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Let's say I have

trait T
case class A(s: String) extends T
case class B(s: String, i: Int) extends T

I need to be able to serialize a List[T]

After declaring

implicit val aWrites = Json.writes[A]
implicit val bWrites = Json.writes[B]

I try to

val list = List(A("1"), B("2", 2))
Json.toJson(list)

but compiler says that

No Json serializer found for type T. Try to implement an implicit Writes or Format for this type.

my solutions is

implicit val tWrites = new Writes[T] {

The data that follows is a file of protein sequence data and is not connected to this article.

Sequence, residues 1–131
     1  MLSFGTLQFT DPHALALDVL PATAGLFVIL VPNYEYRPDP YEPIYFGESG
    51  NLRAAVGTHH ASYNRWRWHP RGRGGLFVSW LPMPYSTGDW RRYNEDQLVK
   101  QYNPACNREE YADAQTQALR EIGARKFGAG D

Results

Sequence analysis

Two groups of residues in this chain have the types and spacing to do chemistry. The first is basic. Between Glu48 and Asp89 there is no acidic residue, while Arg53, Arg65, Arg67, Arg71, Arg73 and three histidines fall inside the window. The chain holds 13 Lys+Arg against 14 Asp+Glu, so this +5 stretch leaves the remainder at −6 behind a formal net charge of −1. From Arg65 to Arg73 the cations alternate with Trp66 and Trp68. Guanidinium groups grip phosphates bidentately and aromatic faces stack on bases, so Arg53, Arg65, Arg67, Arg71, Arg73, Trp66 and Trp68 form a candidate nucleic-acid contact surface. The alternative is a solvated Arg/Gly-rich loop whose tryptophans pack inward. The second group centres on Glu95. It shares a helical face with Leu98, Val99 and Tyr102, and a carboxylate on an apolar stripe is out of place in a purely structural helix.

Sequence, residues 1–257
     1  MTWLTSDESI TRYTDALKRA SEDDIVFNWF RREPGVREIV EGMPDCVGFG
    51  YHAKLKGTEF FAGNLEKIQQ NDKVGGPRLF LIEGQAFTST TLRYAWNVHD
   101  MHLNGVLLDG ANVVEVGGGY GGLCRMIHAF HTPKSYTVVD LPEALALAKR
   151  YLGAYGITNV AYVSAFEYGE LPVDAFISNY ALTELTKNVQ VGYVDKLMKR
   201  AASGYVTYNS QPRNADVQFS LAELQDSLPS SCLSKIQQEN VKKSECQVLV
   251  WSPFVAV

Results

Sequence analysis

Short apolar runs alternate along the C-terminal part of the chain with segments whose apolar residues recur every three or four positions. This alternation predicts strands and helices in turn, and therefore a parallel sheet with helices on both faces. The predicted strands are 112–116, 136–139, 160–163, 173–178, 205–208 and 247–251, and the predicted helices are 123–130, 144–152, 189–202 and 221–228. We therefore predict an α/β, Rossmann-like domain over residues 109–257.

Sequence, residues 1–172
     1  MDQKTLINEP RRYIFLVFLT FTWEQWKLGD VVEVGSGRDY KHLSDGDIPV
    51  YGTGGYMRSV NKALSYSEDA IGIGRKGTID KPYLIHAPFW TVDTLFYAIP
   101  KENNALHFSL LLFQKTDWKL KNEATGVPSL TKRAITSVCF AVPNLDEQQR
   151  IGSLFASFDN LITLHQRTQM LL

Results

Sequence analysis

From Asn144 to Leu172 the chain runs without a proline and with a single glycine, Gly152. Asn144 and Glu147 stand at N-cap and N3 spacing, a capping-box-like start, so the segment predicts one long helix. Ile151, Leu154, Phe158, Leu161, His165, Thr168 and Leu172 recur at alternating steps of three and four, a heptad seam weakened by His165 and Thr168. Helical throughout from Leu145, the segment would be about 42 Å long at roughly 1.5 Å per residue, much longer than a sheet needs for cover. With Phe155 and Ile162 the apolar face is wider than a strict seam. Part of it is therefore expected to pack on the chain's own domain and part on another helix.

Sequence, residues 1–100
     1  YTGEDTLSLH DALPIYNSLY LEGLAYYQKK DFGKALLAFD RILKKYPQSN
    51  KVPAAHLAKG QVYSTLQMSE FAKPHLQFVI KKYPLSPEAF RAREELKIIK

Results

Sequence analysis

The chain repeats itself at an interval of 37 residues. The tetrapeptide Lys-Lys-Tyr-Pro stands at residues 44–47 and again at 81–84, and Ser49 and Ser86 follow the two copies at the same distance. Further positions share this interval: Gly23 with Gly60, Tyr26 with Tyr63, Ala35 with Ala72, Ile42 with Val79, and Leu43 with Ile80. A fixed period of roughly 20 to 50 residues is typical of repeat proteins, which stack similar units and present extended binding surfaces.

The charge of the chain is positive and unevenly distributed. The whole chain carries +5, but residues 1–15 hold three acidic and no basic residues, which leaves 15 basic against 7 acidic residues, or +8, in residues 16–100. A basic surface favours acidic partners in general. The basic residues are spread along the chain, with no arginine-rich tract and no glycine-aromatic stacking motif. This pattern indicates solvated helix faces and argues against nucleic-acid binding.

def writes(t: T) = t match {
        case a: A => Json.toJson(a)
        case b: B => Json.toJson(b)
    }
}

I don't like it, because it requires to change tWrite for each new class extending T.

Is there a more flexible implementation?

share|improve this question

The Json.writes macro requires an unapply method, so you cannot use it with a trait. But even if you could, it would only serialize the parameters it knows from T. So your solution is the best you can do, although you probably (depending on use case) have to add a parameter that distinguishes between A and B when deserializing.

By the way, having to extend matches when you add a new type is a common problem (see expression problem). You should make your trait sealed so the compiler will inform you when a pattern match statement misses a newly added type.

share|improve this answer

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